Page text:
Consider getting a little geeky about the headlights. Mine fried it's main ground early. I replaced alot of the wiring with relays and beefed-up connections, which have not failed since.

 

Ditto on the alternator belt. Replace.

 

Inspect the clutch slave cylinder. Even on a low-mileage beuaty like yours, it's a failure point.

 

Inspect the rear brake hose, between the pedal and the metal tubing. Mine failed and I hear others' have too. Don't know if this is a function of time or use, but it's a cheap part only if you are not 1000 miles from a dealer.

 

Be VERY careful when you reassemble the tupperware not to strip the screws, especially the 6 in the tank. DAMHIK.

 

Otherwise, the only major problem I've had was at about 70K when the drive spilnes went south at a most inconvenient time. You should be OK there given the mileage, and I don't want to ruin your ride with worry. But keep it in mind.

 

She's been a great friend, my aquamint RT. I hope you enjoy yours.

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Neil,

In the later version of iABS, they added a reduced rear/front weighting and the rear pedal actually activates primarily the rear brake for an, albeit small, portion of its travel :thumbsup: .

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Make sure you flush the wheel circuits of the brakes while you have the tank off. Taking the tank off is the biggest part of the job.

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Make sure you flush the wheel circuits of the brakes while you have the tank off. Taking the tank off is the biggest part of the job.

 

Yep, good call. Planning to do the brake flush once I get a new battery.

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Neil,

In the later version of iABS, they added a reduced rear/front weighting and the rear pedal actually activates primarily the rear brake for an, albeit small, portion of its travel :thumbsup: .

 

Thanks phil, I didn't think my 02 would so this as I have played aroun with the brakes. I do like them as I finally got used to the linked system, pretty easy as it does my thinking for me :)

 

 

cheers

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Woohoo, tires came in! Got the wheels pulled off and hopefully I'll have time to drop them off to get the tires mounted tomorrow.

 

1217879347_aahg4-L.jpg

 

Found a little bit of corrosion in the rear wheel hub. As far as I can tell, this area is pretty much isolated from the rest of the final drive so it shouldn't be a big problem. Looks like some moisture got in; it's not entirely clear from the picture, but it looks like this spot was probably the low point when the bike was sitting. Figure I'll clean it up with a wire brush before I put the wheel back on.

1217879361_sQmFM-L.jpg

 

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That corrosion in the hub area is 'normal' - they pretty much ask for the corrosion to start because if is open to the elements.

As someone posted the other day, a little clean up, and a tad of corrosion inhibitor will control it nicely. Certainly nothing to worry about.

 

Andy

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Shop Tip -- using a wire coat hanger the side panels can be suspended from the garage door track, saving floor space and preventing accidental steps.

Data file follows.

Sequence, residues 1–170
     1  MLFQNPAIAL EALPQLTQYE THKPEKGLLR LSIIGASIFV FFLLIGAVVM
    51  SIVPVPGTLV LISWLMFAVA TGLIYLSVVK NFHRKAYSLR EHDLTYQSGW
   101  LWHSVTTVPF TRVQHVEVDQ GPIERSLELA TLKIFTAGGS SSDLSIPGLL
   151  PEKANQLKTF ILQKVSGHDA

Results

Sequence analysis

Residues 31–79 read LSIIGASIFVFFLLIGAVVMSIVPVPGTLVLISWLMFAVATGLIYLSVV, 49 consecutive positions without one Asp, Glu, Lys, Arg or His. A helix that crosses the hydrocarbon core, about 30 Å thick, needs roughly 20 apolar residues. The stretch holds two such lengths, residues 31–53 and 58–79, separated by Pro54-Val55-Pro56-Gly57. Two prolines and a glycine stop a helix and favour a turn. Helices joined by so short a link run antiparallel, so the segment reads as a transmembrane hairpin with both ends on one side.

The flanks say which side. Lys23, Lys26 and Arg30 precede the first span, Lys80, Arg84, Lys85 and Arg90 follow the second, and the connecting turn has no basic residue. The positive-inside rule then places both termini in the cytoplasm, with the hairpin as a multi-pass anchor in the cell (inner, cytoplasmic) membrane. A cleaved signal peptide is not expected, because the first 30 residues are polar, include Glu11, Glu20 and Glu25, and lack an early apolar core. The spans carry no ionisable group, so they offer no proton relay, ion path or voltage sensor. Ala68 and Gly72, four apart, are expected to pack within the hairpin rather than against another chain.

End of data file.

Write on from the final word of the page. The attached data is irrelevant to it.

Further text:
Might also run a ratchet strap from the forks to the center stand so it doesn't fold up from an accidental bump.

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While you are in there (and if you don't have a radio installed), you could remove the speakers, radio kit and wiring in and going into, the "glove box". It looks like you have them installed.

It will give you a load of storage room in the glove box and take about 15 pounds off the front of your bike. :thumbsup:

 

BTW - I used black duct tape to seal off the wiring bung hole left in the glove box.

 

 

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Glad the Mayer is appreciated ;-)

 

I have recently bought an 04 and I am very happy.This easily the nicest motorcycle I have ever owned. I am following your thread with interest. A few things I have learned in the last month or so....

The brakes are a little weird but I am quicky adapting. I agree with the gentle touch plan.

The seat although tolerable is not that great. I installed a used Rick Mayer saddle and it is amazing.

The bike really does prefer to run above 3500 rpm.

These are wonderful motorcycles, I could have bought a 1200 but in retrospect I am glad I put the difference in the bank and a smile on my face.

Good luck with your new bike. Mine is Blue as well the best color IMO [/quote

 

 

 

 

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While you are in there (and if you don't have a radio installed), you could remove the speakers, radio kit and wiring in and going into, the "glove box". It looks like you have them installed.

It will give you a load of storage room in the glove box and take about 15 pounds off the front of your bike.

 

While you're taking the speakers and radio mounting stuff out, put a 12 volt cigarette lighter outlet in the new "glove box" so you can charge your cell phone, etc. on the road. Easy to wire since there radio wires are right there and it's a good waterproof place for the phone.

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You should get the fuel disconnects replaced under recall. I did it before I knew there was a recall, and it wasn't that bad, but it needs to be done.